In your list above you have "Serial" in your 3rd category. However I would argue that it needs to be at the top of the first category because it is the essential debugging tool that let's you see how your program is behaving.

And haven't you provided the answer to your own comment about the "&" Pointer Access Operand - it says you don't need it so you can skip that part.

I think it is essential to appreciate that you are only a novice programmer once. Assuming it is a subject that interests you then you very quickly move out of that category and it can be very difficult (perhaps impossible) to remember how it was when every part of the process looked like a sheer wall that you had to climb.

You could do other beginners a big favour by keeping track of your own experience and writing an introduction essay while you yourself are still a newbie.

...R

Take the "&" Pointer Access Operand as an example

The '&' operator is the "address-of" operator, or introduces a reference, when used as a unary operator.
When used as a binary operator, it is the bitwise AND operator.

It is never an operand.

Itemised "Things to know" list.
Beginner level:

  1. learn that correct spelling, syntax and punctuation are key to success
  2. learn that words in programming have very precise meanings.
  3. pedantry is a virtue
  4. don't use goto until you are a very advanced programmer.
  5. goto 1)

Take the "&" Pointer Access Operand as an example

The reference stuff here is really just meant as a starting point. Once you get into stuff like that, you should really hit up a C++ tutorial. C++ is the language that the Arduino uses. Just google "C++ tutorial" and start going through one of them.

The only caveat to remember is that most of them are written for people programming a PC, so they'll be using cout where you might use Serial.print. And there won't be any digitalWrite or digitalRead or anything. But the language stuff about memory and arrays and pointers is what you want.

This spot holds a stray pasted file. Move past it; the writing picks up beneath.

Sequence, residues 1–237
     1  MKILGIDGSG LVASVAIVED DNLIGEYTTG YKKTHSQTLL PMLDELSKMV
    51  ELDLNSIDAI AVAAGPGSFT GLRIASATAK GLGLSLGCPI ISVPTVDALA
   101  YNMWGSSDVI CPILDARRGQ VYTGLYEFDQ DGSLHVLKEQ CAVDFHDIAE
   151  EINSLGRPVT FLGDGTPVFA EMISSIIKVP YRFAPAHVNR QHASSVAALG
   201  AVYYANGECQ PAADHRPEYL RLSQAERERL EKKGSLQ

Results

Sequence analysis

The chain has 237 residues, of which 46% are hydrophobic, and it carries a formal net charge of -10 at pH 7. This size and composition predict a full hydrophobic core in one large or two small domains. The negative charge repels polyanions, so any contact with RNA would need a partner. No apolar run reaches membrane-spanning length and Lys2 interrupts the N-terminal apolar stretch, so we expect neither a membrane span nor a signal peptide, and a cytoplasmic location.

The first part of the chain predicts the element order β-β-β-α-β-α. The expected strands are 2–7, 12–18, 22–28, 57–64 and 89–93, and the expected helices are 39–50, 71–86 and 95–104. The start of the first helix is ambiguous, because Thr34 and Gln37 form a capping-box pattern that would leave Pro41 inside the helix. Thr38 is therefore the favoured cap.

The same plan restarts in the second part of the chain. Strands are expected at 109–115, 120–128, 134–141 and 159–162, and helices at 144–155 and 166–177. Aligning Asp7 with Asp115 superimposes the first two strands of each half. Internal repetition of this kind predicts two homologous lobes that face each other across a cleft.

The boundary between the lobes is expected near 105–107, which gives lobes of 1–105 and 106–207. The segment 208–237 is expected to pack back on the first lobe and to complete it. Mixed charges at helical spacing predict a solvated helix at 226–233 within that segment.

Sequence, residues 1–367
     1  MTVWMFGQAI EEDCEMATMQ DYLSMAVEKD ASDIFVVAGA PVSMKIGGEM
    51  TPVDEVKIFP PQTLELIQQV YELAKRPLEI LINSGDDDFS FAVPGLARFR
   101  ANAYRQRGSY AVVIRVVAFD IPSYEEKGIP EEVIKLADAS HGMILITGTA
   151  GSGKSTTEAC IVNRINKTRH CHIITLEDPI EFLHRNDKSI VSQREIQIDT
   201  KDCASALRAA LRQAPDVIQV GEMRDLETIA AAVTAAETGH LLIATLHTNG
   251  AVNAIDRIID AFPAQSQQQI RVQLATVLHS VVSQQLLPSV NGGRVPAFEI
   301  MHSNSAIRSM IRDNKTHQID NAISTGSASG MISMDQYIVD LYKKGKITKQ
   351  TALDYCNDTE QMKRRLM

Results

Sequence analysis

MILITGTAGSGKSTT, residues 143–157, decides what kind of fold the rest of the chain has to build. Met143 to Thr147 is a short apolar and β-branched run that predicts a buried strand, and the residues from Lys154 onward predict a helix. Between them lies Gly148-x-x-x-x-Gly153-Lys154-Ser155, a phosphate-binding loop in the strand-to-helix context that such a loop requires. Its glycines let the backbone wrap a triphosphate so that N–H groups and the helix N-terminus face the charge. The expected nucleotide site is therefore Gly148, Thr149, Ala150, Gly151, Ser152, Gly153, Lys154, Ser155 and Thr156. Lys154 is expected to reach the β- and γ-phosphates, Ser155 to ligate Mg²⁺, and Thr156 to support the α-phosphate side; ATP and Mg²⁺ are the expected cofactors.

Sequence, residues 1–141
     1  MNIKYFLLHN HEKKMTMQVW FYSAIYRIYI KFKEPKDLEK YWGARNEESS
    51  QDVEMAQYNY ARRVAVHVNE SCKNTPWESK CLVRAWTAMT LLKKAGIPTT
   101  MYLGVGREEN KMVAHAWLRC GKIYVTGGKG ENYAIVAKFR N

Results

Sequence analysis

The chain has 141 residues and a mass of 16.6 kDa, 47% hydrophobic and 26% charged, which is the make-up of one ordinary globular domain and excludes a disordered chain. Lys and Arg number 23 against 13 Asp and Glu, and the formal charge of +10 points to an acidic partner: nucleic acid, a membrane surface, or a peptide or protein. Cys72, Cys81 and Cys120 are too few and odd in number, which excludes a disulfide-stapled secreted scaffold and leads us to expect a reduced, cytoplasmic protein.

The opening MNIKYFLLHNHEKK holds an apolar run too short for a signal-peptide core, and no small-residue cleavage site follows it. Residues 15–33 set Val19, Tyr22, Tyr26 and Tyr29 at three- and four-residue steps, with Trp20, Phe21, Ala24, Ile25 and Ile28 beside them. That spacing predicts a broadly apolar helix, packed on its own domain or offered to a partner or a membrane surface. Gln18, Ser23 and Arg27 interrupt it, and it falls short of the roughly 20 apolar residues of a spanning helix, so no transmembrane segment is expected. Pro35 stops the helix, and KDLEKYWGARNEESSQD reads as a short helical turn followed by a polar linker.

The problem is that it depends what you're doing. I tend to think serial is much more important than displays, for instance, and "for" loops much more difficult than "while" loops.

C at the basic level is a pretty simple language; I'm not sure that too much prioritization within that makes a lot of sense. Libraries and Arduino capabilities are another matter, but much more application-specific.

My hypothetical non-langauge-specific learning order goes something like:

  1. Data and Variables. Including important types of variables (int, long, float)
  2. Math operations and statements. The difference between an assignment and an equation.
  3. Basic input and output.
  4. Introduction to functions/subroutines.
  5. Decision-making: if/then/else, conditional expressions. Boolean values.
  6. Looping
  7. Arrays.
  8. Character arrays. Pointers, as they apply to character arrays.
  9. more I/O.

That's sort of your first-semester programming class. You'll not that it doesn't include anything about "pins" or other fundamental Arduino concepts. You might also notice that Arduino is missing an important thing or two - the "input" capabilities are very limited compared to the output capabilities, and C's concept of strings is ... horrid, compared to most beginning languages.

For better or worse, a good part of the Arduino Philosophy is that you should be able to jump in and start doing stuff WITHOUT going through any particular "education phase." Take an existing example, figure out how it works enough to make the modifications you need, and you're done.